The Great Gatsby

The Great Gatsby, wild wag of an oculist

In the use of "wild" in this extract from the second chapter of The Great Gatsby, is the denotation "zany"? Or does it suggests what is called "fly-by-night" type of business, one that is often called in Yiddish slang schlock, meaning cheap or shoddy in methods?

The eyes of Doctor T. J. Eckleburg are blue and gigantic—their retinas are one yard high. They look out of no face, but, instead, from a pair of enormous yellow spectacles which pass over a nonexistent nose. Evidently some wild wag of an oculist set them there to fatten his practice in the borough of Queens and then sank down himself into eternal blindness or forgot them and moved away.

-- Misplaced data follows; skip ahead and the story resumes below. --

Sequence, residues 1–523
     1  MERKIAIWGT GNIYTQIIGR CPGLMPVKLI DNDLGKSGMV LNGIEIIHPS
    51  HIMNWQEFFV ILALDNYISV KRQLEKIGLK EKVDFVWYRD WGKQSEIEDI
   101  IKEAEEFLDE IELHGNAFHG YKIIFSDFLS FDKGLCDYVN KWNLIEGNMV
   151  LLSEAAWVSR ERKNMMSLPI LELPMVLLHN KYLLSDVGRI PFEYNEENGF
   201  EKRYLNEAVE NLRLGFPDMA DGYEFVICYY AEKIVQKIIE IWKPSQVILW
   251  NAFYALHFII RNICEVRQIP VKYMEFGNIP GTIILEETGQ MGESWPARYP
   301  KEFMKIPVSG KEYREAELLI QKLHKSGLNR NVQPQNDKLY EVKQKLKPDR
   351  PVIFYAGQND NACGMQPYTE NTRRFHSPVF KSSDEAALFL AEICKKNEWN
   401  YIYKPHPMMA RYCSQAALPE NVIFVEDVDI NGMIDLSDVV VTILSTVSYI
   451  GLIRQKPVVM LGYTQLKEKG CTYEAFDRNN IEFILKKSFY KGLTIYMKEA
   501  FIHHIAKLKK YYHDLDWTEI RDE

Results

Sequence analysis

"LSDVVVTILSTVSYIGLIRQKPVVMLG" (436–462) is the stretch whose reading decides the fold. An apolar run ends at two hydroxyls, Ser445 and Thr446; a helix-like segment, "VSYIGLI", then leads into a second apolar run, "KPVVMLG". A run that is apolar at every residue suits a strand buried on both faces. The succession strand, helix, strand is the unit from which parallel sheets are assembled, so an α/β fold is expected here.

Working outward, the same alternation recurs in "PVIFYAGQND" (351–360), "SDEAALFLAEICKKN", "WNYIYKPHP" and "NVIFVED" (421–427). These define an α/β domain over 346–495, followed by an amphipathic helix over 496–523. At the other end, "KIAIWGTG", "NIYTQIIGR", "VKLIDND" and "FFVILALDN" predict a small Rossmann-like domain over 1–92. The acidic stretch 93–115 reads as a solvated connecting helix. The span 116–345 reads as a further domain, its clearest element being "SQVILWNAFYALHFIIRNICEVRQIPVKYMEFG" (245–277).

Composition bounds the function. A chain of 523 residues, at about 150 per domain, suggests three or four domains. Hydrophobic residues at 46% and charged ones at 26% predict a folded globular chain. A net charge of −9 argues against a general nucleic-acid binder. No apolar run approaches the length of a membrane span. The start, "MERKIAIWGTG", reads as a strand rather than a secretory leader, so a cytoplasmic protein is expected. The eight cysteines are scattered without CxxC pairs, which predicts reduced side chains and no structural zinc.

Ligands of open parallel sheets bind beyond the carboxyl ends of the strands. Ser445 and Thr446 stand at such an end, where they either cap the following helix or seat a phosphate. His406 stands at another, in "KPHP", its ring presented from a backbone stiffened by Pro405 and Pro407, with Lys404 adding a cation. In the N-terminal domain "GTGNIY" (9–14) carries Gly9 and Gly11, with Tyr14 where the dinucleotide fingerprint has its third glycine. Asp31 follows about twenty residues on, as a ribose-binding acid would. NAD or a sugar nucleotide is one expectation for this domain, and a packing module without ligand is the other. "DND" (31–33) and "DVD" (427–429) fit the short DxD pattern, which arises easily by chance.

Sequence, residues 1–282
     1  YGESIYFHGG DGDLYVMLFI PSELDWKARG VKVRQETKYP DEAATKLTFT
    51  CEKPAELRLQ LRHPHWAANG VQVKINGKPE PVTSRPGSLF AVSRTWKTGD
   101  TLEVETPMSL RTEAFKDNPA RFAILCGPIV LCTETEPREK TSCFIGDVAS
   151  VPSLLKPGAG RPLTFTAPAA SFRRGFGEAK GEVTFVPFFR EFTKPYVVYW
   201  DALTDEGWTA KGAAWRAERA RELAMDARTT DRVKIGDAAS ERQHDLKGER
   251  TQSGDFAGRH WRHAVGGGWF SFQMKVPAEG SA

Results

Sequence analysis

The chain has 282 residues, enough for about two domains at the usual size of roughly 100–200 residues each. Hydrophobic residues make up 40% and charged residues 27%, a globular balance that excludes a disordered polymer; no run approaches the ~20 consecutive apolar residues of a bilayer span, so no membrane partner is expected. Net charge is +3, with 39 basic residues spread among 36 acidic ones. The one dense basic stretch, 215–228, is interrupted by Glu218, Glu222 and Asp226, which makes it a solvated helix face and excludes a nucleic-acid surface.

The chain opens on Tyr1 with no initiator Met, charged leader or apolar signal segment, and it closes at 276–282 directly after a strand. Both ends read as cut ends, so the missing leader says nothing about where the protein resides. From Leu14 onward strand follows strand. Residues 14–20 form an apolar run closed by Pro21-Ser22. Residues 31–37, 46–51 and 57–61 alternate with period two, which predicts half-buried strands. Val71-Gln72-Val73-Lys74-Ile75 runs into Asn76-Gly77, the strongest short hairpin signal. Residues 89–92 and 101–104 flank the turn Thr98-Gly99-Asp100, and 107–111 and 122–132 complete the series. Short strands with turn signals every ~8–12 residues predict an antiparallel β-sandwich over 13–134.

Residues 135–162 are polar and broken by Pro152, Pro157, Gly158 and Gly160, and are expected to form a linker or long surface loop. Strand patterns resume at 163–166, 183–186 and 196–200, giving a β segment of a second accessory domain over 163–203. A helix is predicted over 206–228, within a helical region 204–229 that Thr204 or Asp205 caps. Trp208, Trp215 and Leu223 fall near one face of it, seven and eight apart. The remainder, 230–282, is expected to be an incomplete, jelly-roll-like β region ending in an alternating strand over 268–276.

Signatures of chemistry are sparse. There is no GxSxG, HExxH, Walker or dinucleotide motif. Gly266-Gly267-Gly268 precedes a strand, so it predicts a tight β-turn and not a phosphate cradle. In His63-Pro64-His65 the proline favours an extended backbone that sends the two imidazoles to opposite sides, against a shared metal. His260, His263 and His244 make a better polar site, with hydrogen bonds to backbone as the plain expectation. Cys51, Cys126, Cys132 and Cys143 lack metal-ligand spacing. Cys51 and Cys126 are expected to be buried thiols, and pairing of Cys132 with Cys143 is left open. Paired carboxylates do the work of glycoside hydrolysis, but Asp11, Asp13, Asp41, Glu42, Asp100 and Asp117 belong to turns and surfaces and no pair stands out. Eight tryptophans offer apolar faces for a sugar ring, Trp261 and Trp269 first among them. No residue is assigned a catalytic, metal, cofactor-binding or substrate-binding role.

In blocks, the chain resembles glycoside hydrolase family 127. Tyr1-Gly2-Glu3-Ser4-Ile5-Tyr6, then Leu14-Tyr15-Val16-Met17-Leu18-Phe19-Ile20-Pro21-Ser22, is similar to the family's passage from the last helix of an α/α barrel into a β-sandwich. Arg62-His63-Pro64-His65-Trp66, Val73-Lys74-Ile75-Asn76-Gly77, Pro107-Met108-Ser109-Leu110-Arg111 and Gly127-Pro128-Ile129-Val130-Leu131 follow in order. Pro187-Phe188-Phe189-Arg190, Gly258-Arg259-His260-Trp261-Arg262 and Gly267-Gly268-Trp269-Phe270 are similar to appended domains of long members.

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zany would be appropriate if you're considering the art "genre."